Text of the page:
By Colorado Law Student Robert DeMarco
For the past several decades, the United States has taken steps to develop more clean energy in the face of climate change, which has promoted developments in solar, wind, water, and geothermal power production. The Business Counsel for Sustainable Energy annual report from 2018 shows that eighteen percent of all electricity in the United States came from renewable sources, up three percent from 2016, and double the 2009 amount (nine percent). The report also showed that sixty-two percent of the renewable power sources constructed in 2018 were solar and wind projects, likely aided by the falling cost of developing solar and wind power facilities. This progress is welcomed and applauded by many but may pose unforeseen environmental risks. .
While developing more renewable energy is a key component of fighting climate change and reducing power plant emissions, impacts to animal species and their environments must be considered. For example, the development of wind energy farms across the Midwest has sparked a conversation over the protection of bird and bat species from wind turbines. The American Bird Conservancy (ABC) estimates that hundreds of thousands of bird and bat species suffer casualties from collision with wind turbines, with an additional eight to fifty-seven million casualties from collisions with power lines associated with wind farms. While the ABC notes that wind turbines cause significantly less deaths than traditional coal power plants, the development of more wind farms poses a substantial threat to birds and bats in the United States.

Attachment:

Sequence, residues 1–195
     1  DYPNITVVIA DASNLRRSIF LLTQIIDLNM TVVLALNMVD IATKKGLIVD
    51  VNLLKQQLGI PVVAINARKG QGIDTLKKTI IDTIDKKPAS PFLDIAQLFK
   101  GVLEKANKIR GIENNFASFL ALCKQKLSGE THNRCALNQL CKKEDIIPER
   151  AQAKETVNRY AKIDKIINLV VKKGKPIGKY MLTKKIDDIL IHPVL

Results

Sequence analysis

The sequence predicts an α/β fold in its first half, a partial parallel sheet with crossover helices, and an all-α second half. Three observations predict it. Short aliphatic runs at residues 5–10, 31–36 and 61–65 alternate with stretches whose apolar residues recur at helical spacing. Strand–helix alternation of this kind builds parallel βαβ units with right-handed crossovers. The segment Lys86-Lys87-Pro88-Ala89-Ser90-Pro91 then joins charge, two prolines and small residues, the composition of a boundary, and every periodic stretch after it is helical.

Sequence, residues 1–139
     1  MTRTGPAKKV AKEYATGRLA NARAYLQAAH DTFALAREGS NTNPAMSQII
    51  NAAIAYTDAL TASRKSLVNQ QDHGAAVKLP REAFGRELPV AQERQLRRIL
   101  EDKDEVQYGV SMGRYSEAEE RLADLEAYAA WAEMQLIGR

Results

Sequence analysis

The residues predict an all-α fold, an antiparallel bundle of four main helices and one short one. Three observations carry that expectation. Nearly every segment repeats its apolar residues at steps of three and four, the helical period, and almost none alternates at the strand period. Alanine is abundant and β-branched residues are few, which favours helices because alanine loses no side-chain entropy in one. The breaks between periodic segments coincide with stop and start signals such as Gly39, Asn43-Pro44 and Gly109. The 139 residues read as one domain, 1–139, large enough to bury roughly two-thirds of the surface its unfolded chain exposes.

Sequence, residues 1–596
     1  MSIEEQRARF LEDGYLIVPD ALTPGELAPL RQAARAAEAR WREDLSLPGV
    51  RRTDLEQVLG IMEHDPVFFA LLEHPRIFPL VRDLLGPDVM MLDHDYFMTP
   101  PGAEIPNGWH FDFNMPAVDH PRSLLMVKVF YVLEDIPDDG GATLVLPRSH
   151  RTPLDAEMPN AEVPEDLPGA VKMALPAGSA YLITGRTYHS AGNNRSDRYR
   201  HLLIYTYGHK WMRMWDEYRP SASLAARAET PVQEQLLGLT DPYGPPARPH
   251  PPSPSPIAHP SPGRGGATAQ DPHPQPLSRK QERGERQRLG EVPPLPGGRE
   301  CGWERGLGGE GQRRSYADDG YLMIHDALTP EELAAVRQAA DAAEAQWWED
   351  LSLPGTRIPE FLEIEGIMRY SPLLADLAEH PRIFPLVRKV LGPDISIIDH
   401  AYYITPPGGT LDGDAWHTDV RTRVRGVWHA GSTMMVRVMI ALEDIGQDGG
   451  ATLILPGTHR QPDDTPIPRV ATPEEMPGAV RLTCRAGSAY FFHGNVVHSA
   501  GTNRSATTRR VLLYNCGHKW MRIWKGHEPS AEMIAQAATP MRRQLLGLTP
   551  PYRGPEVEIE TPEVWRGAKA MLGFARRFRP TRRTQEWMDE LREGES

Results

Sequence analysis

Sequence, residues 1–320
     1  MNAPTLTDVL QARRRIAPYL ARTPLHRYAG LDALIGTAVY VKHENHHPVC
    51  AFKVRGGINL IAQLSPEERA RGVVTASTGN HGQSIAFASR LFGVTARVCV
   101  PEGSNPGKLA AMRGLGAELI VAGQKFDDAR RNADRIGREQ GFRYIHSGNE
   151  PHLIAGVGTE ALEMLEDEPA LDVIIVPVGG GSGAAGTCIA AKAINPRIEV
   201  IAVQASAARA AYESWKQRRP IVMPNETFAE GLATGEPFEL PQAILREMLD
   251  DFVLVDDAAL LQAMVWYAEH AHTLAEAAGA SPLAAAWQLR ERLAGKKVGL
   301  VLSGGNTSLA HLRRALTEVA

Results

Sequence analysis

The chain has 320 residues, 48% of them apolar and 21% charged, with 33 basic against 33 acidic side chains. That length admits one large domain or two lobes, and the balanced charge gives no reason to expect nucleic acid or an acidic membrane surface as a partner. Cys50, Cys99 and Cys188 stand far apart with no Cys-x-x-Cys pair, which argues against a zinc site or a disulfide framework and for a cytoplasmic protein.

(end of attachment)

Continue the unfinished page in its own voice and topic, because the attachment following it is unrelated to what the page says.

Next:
Additionally, energy developers must be mindful of possible legal violations associated with these deaths. For instance, the Migratory Bird Treaty Act of 1918 protects over 1,000 bird species from being harmed or killed. Furthermore, takings of species protected by other laws, such as the Endangered Species Act and the Bald and Golden Eagle Protection Act, may result in criminal penalties.